DuPont and Dow to merge

By Joseph James Whitworth

- Last updated on GMT

The combined company will be called DowDuPont
The combined company will be called DowDuPont
DuPont and The Dow Chemical Company have ended speculation by announcing they are to merge and the combined company will be called DowDuPont.

The merger transaction is expected to close in the second half of 2016, subject to closing conditions, including regulatory approvals, and approval by shareholders.

Separation of DowDuPont would be expected 18-24 months following the closing of the merger.

They intend to separate DowDuPont into three independent, publicly traded companies through tax-free spin-offs.

Rumours about the merger surfaced earlier this week​.

Andrew Liveris, Dow's chairman and CEO described the merger as a ‘game-changer’.

"Over the last decade our entire industry has experienced tectonic shifts as an evolving world presented complex challenges and opportunities – requiring each company to exercise foresight, agility and focus on execution.

This merger of equals significantly enhances the growth profile for both companies, while driving value for all of our shareholders and our customers.”

Split into three

The companies will include an agriculture company; a Material Science firm and a Specialty Products business.

The Material Science Company will consist of DuPont's Performance Materials segment, as well as Dow's Performance Plastics, Performance Materials and Chemicals, Infrastructure Solutions, and Consumer Solutions (excluding the Dow Electronic Materials business) operating segments.

Combined pro forma 2014 revenue for Material Science is $51bn.

The Specialty Products Company will include DuPont's Nutrition & Health, Industrial Biosciences, Safety & Protection as well as the Dow Electronic Materials business.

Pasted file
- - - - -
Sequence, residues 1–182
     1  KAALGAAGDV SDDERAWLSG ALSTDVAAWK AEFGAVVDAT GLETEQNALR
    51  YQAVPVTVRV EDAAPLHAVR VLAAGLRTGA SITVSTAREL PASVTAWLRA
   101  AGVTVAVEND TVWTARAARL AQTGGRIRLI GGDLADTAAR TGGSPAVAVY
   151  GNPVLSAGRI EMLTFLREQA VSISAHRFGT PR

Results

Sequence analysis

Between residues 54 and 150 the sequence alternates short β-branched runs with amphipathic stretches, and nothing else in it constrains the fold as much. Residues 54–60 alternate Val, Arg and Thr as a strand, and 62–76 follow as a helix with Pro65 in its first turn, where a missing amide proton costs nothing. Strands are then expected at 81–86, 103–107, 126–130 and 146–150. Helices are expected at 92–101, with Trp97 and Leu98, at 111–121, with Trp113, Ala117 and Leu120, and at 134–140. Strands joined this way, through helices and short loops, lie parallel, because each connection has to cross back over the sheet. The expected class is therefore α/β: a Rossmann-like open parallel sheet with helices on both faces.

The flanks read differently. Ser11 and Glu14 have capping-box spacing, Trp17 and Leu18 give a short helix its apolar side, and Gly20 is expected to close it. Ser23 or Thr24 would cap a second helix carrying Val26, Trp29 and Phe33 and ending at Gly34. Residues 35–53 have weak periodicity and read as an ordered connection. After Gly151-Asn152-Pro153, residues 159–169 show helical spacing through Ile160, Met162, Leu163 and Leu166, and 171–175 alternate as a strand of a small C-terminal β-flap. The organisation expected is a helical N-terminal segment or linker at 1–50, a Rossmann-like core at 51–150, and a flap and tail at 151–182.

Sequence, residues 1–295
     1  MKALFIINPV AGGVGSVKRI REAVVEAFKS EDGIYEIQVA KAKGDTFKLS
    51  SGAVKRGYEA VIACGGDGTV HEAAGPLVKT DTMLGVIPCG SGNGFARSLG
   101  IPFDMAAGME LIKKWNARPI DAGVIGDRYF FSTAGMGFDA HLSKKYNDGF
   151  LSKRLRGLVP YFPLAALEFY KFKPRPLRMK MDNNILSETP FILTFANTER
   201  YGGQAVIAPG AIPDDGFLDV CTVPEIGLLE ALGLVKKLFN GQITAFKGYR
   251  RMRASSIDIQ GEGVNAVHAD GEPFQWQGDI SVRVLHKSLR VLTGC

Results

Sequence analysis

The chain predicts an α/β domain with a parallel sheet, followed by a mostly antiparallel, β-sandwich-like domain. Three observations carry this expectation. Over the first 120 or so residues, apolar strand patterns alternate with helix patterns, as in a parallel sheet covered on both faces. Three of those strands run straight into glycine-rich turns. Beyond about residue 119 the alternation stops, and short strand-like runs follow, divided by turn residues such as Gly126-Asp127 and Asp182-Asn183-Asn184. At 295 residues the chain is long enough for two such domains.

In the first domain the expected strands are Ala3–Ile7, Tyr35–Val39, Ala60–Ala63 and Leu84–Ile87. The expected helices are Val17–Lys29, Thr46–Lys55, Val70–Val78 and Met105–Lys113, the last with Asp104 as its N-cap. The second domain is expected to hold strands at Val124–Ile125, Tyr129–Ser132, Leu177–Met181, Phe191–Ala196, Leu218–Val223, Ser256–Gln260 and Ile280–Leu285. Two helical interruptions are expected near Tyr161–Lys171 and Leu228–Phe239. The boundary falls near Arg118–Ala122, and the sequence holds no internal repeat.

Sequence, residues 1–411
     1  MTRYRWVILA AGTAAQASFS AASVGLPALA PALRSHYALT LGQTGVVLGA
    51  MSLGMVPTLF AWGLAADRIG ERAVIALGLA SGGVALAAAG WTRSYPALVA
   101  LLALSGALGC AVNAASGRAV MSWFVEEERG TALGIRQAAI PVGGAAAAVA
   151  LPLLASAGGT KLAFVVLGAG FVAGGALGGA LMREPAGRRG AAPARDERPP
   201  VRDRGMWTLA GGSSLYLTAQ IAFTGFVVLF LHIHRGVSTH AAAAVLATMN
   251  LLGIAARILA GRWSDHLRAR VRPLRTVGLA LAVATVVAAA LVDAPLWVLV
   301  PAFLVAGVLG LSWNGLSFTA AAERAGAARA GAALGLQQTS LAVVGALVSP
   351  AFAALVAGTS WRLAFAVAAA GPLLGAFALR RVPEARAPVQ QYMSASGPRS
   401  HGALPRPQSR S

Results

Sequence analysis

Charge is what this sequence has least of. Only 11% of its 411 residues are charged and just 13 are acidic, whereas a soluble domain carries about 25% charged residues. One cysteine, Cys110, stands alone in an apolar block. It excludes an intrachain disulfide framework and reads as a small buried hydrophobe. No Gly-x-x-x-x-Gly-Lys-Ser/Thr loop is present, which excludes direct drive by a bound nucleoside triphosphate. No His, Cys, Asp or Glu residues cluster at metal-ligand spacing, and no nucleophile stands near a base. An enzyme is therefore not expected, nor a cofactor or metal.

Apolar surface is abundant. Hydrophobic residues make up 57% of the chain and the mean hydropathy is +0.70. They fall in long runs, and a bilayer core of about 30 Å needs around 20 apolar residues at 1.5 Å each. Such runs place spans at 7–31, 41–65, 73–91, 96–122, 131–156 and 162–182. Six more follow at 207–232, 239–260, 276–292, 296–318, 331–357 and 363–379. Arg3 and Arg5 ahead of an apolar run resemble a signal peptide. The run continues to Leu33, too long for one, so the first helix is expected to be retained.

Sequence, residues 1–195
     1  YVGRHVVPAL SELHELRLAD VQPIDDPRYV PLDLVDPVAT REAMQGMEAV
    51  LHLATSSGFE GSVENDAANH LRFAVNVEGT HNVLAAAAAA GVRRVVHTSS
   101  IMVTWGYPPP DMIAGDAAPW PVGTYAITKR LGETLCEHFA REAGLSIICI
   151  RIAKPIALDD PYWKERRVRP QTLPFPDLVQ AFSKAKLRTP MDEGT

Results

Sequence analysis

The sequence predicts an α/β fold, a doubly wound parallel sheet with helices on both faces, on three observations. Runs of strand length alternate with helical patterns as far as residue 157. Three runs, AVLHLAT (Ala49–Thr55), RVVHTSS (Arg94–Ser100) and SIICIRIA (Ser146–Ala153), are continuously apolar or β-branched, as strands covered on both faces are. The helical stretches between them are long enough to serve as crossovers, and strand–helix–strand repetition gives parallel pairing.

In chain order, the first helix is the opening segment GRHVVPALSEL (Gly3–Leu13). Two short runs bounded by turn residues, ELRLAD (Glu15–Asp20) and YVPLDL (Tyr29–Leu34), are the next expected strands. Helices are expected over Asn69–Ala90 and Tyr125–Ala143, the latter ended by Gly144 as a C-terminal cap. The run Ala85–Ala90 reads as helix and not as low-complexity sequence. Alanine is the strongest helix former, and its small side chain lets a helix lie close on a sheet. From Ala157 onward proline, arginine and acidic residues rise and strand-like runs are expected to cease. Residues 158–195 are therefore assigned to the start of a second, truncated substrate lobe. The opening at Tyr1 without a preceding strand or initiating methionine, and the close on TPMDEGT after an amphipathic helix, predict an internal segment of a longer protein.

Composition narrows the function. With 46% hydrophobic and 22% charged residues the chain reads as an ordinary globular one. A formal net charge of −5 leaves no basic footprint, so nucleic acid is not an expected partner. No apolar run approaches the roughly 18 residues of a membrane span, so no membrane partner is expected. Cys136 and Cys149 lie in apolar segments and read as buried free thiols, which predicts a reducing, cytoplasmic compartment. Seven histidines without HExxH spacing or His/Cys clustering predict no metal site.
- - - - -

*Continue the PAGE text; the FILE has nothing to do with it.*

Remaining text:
Combined pro forma 2014 revenue for Specialty Products is $13bn.

Merger of equals

Dow and DuPont shareholders will each own 50% of the combined company, on a fully diluted basis, excluding preferred shares.

The transaction is expected to deliver $3bn in cost synergies, with 100% of the run-rate cost synergies achieved within the first 24 months following the transaction closing. Additional upside of $1bn is expected from growth synergies.

Edward Breen, chairman and CEO ofDuPont, said the merger will create near-term value through cost synergies and upside from growth synergies.

“Longer term, the three-way split we intend to pursue is expected to unlock even greater value for shareholders and customers and more opportunity for employees as each business will be a leader in attractive segments where global challenges are driving demand for these businesses' distinctive offerings.”

DuPont is the owner of Danisco’s probiotics, enzymes, sweeteners, colours and flavours business, along with the Solae soy brand. DuPont paid $6.3bn (€5.75bn) for Danisco in 2011.

Andrew Liveris will be executive chairman and Edward Breen will be CEO of the combined company.

DowDuPont will be dual headquartered in Midland, Michigan and Wilmington, Delaware.  

Meanwhile, DuPont has revealed a 2016 plan designed to reduce $700m in costs compared with 2015 including 10% of the firm’s workforce being impacted. 

As a result, it expects to record a pre-tax charge to earnings of $780m, consisting of $650m of employee separation costs and about $130m of asset-related charges and contract terminations.

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